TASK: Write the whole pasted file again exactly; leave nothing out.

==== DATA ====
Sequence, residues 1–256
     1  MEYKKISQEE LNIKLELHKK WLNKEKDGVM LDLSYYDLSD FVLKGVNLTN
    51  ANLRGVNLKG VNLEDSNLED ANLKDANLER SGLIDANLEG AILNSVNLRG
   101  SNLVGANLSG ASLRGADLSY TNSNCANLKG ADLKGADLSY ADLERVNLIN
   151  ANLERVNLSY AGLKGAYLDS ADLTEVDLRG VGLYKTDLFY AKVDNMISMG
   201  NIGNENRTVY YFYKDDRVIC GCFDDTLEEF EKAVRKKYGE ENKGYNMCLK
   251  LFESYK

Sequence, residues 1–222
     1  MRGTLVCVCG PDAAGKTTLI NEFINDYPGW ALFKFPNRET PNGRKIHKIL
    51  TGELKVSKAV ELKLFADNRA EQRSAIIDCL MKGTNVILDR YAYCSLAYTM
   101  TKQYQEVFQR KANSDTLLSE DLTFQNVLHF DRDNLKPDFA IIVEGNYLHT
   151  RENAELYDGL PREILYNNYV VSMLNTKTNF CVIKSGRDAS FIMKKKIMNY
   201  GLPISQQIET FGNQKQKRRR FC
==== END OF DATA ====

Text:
Sequence, residues 1–256
     1  MEYKKISQEE LNIKLELHKK WLNKEKDGVM LDLSYYDLSD FVLKGVNLTN
    51  ANLRGVNLKG VNLEDSNLED ANLKDANLER SGLIDANLEG AILNSVNLRG
   101  SNLVGANLSG ASLRGADLSY TNSNCANLKG ADLKGADLSY ADLERVNLIN
   151  ANLERVNLSY AGLKGAYLDS ADLTEVDLRG VGLYKTDLFY AKVDNMISMG
   201  NIGNENRTVY YFYKDDRVIC GCFDDTLEEF EKAVRKKYGE ENKGYNMCLK
   251  LFESYK

Sequence, residues 1–222
     1  MRGTLVCVCG PDAAGKTTLI NEFINDYPGW ALFKFPNRET PNGRKIHKIL
    51  TGELKVSKAV ELKLFADNRA EQRSAIIDCL MKGTNVILDR YAYCSLAYTM
   101  TKQYQEVFQR KANSDTLLSE DLTFQNVLHF DRDNLKPDFA IIVEGNYLHT
   151  RENAELYDGL PREILYNNYV VSMLNTKTNF CVIKSGRDAS FIMKKKIMNY
   201  GLPISQQIET FGNQKQKRRR FC